Cleansing Fire

Defending Truth and Tradition in the Roman Catholic Church


George Weigel on SSM as a Civil Right

June 28th, 2011, Promulgated by Mike

One of our readers today lamented the way homosexual advocates frequently present SSM as a civil right …

It makes me absolutely ill to hear SSM being equated/part of/a continuation of the Civil Rights movement. But that is the result of our oversexualized culture – having sex with something/someone you love is your civil right?

Readers, especially Irondequoit Mom, might be interested to know that George Weigel very ably dismantled that contention yesterday …

New York State notwithstanding, the argument over marriage will and must continue, because it touches first principles of democratic governance — and because resistance to the agenda of the gay-marriage lobby is a necessary act of resistance against the dictatorship of relativism, in which coercive state power is used to impose on all of society a relativistic ethic of personal willfulness. In conducting that argument in the months and years ahead, it would be helpful if the proponents of marriage rightly understood would challenge the usurpation by the proponents of gay marriage of the civil-rights trump card.

That usurpation is at the heart of the gay lobby’s emotional, cultural, and political success — the moral mantle of those Freedom Riders whose golden anniversary we mark this year has, so to speak, been successfully claimed by the Stonewall Democratic Club and its epigones. And because the classic civil-rights movement and its righteous demand for equality before the law remains one of the few agreed-upon moral touchstones in 21st-century American culture (another being the Holocaust as an icon of evil), to seize that mantle and wear it is to have won a large part of the battle — as one sees when trying to discuss these questions with otherwise sensible young people.

But the analogy simply doesn’t work. Legally enforced segregation involved the same kind of coercive state power that the proponents of gay marriage now wish to deploy on behalf of their cause. Something natural and obvious — “We hold these truths to be self-evident, that all men are created equal” — was being denied by the state in its efforts to maintain segregated public facilities and to deny full citizenship rights to African Americans. Once the American people came to see that these arrangements, however hallowed by custom (and prejudice), were, in fact, unnatural and not obvious, the law was changed.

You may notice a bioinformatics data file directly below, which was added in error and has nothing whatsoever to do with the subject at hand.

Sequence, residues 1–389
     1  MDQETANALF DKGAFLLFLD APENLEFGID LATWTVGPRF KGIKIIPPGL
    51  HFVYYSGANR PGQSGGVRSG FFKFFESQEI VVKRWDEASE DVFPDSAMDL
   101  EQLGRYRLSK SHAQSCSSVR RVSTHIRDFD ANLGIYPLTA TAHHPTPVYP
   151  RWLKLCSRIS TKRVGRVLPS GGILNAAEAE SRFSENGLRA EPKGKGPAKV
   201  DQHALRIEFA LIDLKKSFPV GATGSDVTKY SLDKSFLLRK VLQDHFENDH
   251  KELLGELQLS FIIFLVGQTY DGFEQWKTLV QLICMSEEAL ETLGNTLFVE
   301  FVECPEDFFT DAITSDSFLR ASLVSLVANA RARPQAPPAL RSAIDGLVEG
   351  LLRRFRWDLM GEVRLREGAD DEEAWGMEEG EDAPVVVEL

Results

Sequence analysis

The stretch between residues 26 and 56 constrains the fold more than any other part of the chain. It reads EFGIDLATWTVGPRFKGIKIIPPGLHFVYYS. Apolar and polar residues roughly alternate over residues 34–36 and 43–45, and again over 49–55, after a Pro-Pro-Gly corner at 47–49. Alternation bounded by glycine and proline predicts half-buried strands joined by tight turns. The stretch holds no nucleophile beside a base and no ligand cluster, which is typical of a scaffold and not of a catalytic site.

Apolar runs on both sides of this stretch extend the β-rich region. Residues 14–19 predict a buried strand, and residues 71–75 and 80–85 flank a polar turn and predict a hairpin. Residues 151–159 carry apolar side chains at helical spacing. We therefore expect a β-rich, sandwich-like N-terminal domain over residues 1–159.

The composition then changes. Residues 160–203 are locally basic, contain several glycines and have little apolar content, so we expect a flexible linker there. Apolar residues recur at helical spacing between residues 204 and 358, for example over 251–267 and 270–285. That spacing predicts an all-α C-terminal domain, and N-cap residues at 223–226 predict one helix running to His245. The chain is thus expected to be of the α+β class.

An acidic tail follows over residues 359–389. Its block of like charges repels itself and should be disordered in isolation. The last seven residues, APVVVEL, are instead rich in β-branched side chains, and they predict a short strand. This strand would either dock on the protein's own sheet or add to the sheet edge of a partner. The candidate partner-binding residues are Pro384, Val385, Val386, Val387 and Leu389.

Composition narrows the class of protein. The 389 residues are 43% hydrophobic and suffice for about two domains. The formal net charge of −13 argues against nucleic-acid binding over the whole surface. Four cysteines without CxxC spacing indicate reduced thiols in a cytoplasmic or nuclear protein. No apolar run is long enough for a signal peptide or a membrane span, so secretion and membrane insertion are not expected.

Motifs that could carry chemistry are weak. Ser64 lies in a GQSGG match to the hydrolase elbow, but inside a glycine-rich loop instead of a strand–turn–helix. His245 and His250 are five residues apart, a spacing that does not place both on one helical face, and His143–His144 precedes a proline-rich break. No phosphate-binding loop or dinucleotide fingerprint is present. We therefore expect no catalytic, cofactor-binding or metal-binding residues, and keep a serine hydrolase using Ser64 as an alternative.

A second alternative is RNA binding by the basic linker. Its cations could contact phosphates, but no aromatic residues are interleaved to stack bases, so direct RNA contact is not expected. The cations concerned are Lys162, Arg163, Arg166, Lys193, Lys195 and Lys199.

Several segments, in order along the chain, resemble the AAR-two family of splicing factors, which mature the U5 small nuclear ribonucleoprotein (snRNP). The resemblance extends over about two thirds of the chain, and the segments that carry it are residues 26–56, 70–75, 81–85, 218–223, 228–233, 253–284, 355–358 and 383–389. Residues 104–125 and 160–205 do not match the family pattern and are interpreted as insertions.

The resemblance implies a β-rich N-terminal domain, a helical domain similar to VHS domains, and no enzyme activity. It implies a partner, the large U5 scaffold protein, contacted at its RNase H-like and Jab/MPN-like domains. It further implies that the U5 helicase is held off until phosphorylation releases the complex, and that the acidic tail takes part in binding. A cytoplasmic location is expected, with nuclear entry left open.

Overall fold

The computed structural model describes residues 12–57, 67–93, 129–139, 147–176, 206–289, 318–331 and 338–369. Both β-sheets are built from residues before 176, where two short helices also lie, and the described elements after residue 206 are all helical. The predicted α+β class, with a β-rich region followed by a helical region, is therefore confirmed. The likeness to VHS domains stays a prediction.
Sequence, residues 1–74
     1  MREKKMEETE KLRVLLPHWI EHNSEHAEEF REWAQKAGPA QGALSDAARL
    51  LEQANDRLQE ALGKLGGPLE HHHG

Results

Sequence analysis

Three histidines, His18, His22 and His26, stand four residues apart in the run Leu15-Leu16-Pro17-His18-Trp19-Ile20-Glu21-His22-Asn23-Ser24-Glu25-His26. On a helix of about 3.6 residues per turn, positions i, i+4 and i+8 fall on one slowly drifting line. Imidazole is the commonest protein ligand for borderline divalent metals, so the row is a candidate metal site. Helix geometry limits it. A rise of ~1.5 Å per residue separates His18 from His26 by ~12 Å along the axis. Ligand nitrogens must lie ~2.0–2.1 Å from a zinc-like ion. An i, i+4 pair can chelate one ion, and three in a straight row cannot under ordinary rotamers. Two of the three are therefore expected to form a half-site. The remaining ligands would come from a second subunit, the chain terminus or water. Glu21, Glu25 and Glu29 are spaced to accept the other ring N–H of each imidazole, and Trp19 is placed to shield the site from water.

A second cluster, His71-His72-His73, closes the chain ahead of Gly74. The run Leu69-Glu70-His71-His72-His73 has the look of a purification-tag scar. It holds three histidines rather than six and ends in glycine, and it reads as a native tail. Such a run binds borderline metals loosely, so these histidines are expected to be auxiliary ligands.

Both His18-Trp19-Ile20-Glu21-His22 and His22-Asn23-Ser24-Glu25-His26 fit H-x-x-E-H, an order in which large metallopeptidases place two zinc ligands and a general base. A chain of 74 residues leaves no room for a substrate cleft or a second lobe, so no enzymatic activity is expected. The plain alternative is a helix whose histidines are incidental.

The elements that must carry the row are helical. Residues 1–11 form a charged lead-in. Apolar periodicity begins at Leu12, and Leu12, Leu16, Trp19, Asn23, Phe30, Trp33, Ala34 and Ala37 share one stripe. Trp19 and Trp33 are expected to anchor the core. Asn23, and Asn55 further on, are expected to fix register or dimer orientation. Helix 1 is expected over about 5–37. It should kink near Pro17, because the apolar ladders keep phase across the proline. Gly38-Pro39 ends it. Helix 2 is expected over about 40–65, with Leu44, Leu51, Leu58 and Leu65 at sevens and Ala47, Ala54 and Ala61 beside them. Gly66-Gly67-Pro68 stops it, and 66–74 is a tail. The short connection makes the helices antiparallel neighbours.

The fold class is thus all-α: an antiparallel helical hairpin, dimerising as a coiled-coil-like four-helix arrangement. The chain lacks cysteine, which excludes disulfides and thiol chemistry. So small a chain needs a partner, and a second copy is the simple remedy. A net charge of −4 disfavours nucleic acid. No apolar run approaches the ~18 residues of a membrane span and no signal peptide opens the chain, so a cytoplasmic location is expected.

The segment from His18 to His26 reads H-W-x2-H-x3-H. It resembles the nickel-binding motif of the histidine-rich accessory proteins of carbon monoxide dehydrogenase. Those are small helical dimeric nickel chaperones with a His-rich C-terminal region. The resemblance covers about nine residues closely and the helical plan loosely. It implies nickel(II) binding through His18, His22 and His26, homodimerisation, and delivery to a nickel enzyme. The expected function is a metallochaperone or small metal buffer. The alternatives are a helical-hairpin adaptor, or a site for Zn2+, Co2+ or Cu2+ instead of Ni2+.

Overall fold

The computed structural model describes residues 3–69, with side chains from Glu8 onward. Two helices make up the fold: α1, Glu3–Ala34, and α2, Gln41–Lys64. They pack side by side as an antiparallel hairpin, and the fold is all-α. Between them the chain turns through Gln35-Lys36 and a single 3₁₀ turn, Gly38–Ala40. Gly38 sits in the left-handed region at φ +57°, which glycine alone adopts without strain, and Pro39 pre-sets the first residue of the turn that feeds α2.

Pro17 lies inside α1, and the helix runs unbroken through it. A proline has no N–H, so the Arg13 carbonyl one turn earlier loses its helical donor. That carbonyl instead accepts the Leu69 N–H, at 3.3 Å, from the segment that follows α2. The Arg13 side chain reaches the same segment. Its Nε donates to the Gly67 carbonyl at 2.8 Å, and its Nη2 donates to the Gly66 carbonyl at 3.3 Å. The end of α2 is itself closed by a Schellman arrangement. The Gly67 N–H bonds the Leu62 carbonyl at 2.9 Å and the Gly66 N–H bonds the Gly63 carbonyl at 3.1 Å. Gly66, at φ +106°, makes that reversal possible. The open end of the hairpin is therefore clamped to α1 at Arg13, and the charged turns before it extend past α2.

What the gay lobby proposes in the matter of marriage is precisely the opposite of this. Marriage, as both religious and secular thinkers have acknowledged for millennia, is a social institution that is older than the state and that precedes the state. The task of a just state is to recognize and support this older, prior social institution; it is not to attempt its redefinition. To do the latter involves indulging the totalitarian temptation that lurks within all modern states: the temptation to remanufacture reality. The American civil-rights movement was a call to recognize moral reality; the call for gay marriage is a call to reinvent reality to fit an agenda of personal willfulness. The gay-marriage movement is thus not the heir of the civil-rights movement; it is the heir of Bull Connor and others who tried to impose their false idea of moral reality on others by coercive state power.

More here.




6 Responses to “George Weigel on SSM as a Civil Right”

  1. avatar Nerina says:

    The Robert George interview is fantastic.

  2. avatar Hopefull says:

    I am APPALLED by the crude, contrived picture on the front page of this week’s Diocesan Courier of the apparently two gay men almost skipping through the halls (in Albany?) . Is anyone else bothered? They are in black suits, with their backs to the camera. Are they wearing Roman collars too? Sorry, I don’t know how to upload it into a comment. To be on the front page of the (electronic) Diocesan Courier is absurd and almost a gleeful expression of triumph by diocesan leadership. At least that’s how it strikes me.

  3. avatar Hopefull says:

    Sorry, there was no caption on the front page of my issue, but opening up the article has the following caption:

    Mark Cadena and Stuart Hata walk hand in hand through a hallway in City Hall after their wedding ceremony in San Francisco in November 2008. On June 24, New York Gov. Andrew Cuomo signed the Marriage Equality Act into law.

    Why oh why would an old picture from California be front page of a diocesan newspaper in NY, uncaptioned?

  4. avatar Mike says:


    Some of the comments on the Courier article agree with you (as do I).

    Also, note the CC’s less-than-convincing justification for the photo among the comments. At least one reader doesn’t seem to be buying it.

  5. avatar Ben Anderson says:

    I agree with you, Hopefull, that it is totally uncalled for. Perhaps they’ll win another award for it? Does anyone remember a few years back when they put a shot of protesters on the front page? One of the protesters had a picture that made the pope look like a troll, or shrek, or something. I was furious when they did that.

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